Coin Centre has filed a lawsuit against the United States Treasury Department, arguing that the provisions of the amended Section 60501 of the Tax Code, which requires individuals and businesses who receive $10k or more in crypto to submit the personal details of the sender to the government, is unconstitutional, according to a blog post on June 11, 2022.
Coin Center Sues the Treasury Department
As part of its mission to defend the rights of individuals to build and use free and open cryptocurrency networks, Coin Center, a Washington D.C-based non-profit blockchain advocacy group is suing the U.S. Treasury over the provisions of the amended Section 60501 of the Tax Code, which was part of the Infrastructure and Jobs Act passed in 2021.
The infrastructure Investment and Jobs Act is a $1.2 trillion plan signed into law by President Joe Biden on November 15, 2021. The bill, which was also called the bi-partisan Infrastructural Bill is designed to provide funds for key public infrastructures in the country, such as transportation and others.
Per a blog post by Coin Center, the organization argues that the so-called 60501 amendment is a clear overreach for U.S. authorities to illegally force crypto users to spy on each other without a warrant.
For the uninitiated, the 6050I amendment requires crypto-related businesses and individuals to report directly to the Department of Treasury all information relating to transactions worth $10,000 or more, including the sender’s personal details, such as their name, social security number, and date of birth.
Notably, contrary to the claims of the Treasury Department, Coin Center has stated categorically that the piece of legislation will adversely affect the entire cryptocurrency industry, including NGOs that receive anonymous donations, as well as regular individuals such as NFT artists who may sell their works for well over $10k, as it’s now mandatory for them to submit their clients’ personal information to the government.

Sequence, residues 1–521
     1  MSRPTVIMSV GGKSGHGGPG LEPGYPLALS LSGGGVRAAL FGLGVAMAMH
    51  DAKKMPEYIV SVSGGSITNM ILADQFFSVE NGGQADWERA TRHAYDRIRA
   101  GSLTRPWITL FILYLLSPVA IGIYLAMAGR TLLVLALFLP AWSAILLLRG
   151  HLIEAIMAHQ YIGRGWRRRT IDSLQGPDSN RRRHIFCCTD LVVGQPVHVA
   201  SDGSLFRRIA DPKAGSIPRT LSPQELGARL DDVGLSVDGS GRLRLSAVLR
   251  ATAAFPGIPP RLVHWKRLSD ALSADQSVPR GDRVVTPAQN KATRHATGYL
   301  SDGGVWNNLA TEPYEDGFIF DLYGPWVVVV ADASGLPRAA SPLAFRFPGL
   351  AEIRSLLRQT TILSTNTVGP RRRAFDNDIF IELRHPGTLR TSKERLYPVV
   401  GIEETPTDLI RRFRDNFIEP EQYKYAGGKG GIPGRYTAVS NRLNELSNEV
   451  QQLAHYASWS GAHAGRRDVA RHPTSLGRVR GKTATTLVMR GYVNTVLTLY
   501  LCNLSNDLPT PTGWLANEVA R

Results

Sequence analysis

Violation of Human Rights
Coin Center wrote:
“Our suit leads with two major claims: (1) forcing ordinary people to collect highly intrusive information about other ordinary people, and report it to the government without a warrant, is unconstitutional under the Fourth Amendment; and (2) demanding that politically active organizations create and report lists of their donors’ names and identifying information to the government is unconstitutional under the First Amendment.”
Explaining further, Coin Center noted that the first claim violates people’s rights to privacy and their Fourth Amendment right to be secure from unreasonable searches and seizures, while the second claim goes against U.S. citizens’ freedom of association.
Coin Center has commended the efforts of its co-plaintiffs, Dan Carman, a consultant who helps startups to set up their Bitcoin payment infrastructures, and Raymond Walsh, a Bitcoin entrepreneur.
The organization has also made it clear that it’s looking to further expand its list of co-plaintiffs, and has urged more crypto investors to join the battle against illegal financial surveillance by the government.
“Anyone who regularly makes or receives crypto transactions over $10,000 – and even those who make or receive much smaller payments – could be affected by the law,” added Coin Center.
In related news, crypto.news reported on June 10, 2022, that Grayscale Investments has added one of the world’s most powerful legal minds to its team, in preparation for a possible legal battle with the Securities and Exchange Commission (SEC).